Con #2: You’ll Likely Need to Hire an SEO Expert to Get Traffic to Your Website
According to a study by Chitika, the top listing in Google’s organic search results receives 33% of the traffic, compared to 18% for the second position, and the traffic only degrades from there.
For the top 10 results, Chitika found:
The top 10 results typically appear on page 1.
If your florist website appears on page 2, 3, 4, etc., of search results, the numbers dwindle even more with each successive page — meaning that you are not in a position to connect with new customers.
If you want one of the coveted top 3 spots for competitive keywords — like “flower arrangements” — you will most likely need to hire an SEO expert.
Optimizing your website and improving your website rankings is going to take time and money.
Many SEO firms will tell you that it takes 4 to 6 months. That’s generally accurate, but bear in mind this is when you start seeing results.
SEO results grow over time. Whatever results you’re getting at 6 months should be considerably less than what you’re getting at 12 months.
Most businesses pay between $2,500 and $5,000 for a monthly retainer.
So for a 6-month contract, you would pay between $15 K and $30 K.
And again, it could take up to 12 months to get your florist website into one of the top three positions on search engine results, which would double how much you’d have to pay.
Con #3: You Have to Maintain Your Website and Keep it Up-to-Date (More Work!)
According to SEO authority, Moz, each year Google changes its search algorithm around 500–600 times.
While most of these changes are minor, Google occasionally rolls out a “major” algorithmic update — such as Google Panda and Google Penguin — that affects search results in significant ways.
Therefore, it’s a big mistake to not keep your florist website up-to-date.
Another common mistake made by website owners is not keeping their site free of broken links.
A broken link is created when a page or post on a website is deleted, or when the URL is changed after it has already been indexed by search engines, linked to in social media, or bookmarked by users.
Broken links cause frustration and irritation and hurt your business reputation.
Potential new customers visiting your website will forgive only one or two broken links before they abandon your site all together.
Too many broken links on your site or from your site can also damage your reputation with the search engines like Google, making your site less desirable.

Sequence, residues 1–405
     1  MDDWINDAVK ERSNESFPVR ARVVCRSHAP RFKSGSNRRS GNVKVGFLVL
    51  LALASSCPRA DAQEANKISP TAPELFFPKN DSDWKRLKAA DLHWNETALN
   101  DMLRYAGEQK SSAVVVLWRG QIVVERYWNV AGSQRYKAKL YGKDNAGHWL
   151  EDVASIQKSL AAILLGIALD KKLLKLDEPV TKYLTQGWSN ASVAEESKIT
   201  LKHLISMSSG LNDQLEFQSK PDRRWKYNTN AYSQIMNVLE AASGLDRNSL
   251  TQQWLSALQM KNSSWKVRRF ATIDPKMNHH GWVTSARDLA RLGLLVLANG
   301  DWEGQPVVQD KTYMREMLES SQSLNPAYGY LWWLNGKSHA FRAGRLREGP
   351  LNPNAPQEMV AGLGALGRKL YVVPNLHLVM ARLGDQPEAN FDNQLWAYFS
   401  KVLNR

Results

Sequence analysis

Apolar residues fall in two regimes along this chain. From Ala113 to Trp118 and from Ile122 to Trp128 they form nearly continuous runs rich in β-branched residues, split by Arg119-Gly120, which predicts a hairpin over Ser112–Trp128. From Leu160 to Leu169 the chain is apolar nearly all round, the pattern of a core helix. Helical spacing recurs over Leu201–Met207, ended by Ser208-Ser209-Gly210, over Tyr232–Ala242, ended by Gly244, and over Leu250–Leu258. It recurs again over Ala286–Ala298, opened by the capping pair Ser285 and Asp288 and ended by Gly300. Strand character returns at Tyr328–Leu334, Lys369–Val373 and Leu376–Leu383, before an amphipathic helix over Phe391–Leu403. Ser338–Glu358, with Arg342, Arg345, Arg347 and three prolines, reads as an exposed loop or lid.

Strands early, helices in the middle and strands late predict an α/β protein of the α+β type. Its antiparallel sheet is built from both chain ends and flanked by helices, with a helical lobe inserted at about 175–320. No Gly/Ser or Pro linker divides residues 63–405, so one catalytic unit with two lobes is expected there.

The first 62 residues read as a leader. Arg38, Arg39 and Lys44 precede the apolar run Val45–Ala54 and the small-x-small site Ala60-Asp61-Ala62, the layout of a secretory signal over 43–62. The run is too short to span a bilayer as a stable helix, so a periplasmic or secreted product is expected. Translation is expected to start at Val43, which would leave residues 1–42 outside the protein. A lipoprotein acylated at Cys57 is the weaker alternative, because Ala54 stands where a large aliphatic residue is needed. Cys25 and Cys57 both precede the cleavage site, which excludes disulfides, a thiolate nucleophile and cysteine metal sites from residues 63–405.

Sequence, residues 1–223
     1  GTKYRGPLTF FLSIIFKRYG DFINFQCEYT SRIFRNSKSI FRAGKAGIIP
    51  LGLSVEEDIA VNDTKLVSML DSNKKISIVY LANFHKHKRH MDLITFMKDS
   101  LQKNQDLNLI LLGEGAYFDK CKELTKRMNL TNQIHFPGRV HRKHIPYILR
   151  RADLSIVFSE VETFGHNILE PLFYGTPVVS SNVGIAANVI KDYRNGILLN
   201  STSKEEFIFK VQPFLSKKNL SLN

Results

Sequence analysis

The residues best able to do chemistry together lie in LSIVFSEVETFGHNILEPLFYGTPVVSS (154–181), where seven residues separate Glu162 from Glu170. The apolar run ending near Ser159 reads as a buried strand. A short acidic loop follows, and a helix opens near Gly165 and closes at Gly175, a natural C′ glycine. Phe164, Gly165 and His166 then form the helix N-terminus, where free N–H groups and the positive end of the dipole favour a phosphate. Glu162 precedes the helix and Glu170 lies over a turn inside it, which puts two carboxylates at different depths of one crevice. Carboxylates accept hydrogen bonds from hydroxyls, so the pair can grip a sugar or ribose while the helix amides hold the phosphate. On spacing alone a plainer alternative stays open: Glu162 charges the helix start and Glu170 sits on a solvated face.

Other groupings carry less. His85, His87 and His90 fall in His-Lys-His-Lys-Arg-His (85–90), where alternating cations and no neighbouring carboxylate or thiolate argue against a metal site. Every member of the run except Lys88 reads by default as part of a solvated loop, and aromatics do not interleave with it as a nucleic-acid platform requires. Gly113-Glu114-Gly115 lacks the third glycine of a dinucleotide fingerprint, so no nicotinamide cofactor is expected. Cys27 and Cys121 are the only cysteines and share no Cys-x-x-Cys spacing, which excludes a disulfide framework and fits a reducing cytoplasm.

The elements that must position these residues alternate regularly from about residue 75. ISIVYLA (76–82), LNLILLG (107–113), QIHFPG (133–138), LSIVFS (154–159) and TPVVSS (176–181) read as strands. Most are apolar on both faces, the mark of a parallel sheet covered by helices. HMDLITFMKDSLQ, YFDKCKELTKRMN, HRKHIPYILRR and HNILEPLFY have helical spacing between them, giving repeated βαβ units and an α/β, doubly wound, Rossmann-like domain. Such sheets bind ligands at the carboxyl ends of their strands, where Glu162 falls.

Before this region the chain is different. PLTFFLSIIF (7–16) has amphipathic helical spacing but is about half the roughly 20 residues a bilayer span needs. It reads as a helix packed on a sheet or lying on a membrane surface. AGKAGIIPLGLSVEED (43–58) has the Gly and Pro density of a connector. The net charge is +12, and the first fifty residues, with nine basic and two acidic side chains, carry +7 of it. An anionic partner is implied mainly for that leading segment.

Therefore, broken links can hurt your search engine rankings and decrease the chances your florist website will show up in the search results.
Regular website maintenance therefore must include identifying and fixing broken links on your website.
If you are a medium-sized florist business, or larger, you most likely already have a website, but you may need to hire an SEO expert to help it rank for competitive keywords.
On the other hand, if you are a small (or new) flower shop, you may not have a website yet, but probably want to get one…
Go ahead and make a simple website using a free website builder. You can literally make a beautiful website yourself in a day.
At a later point, when time and budget allow, you can explore adding SEO.
Wix: How to Create a Website.
WebsiteSetUp: How to Make a Website.
Tables Summarizing Flower Shop Advertising
Chapter 11: Introduction to Content Marketing for Florists
The term “content” refers to any complete piece of media that you find on the Internet.
Love Lives On’s 2018 Industry Review of the online presence of 200 florist businesses in the United States, Canada, United Kingdom and Australia found that only 4% of florist businesses have produced content on flower-related topics (e.g. YouTube videos, blog posts and webinars).
According to Clutch, 23% of small business owners want to publish more high-quality content on their websites.
There are 4 main categories when it comes to content:
- Pages: text-based content with basic information.
- Publications: text-based content with advanced and/or in-depth information.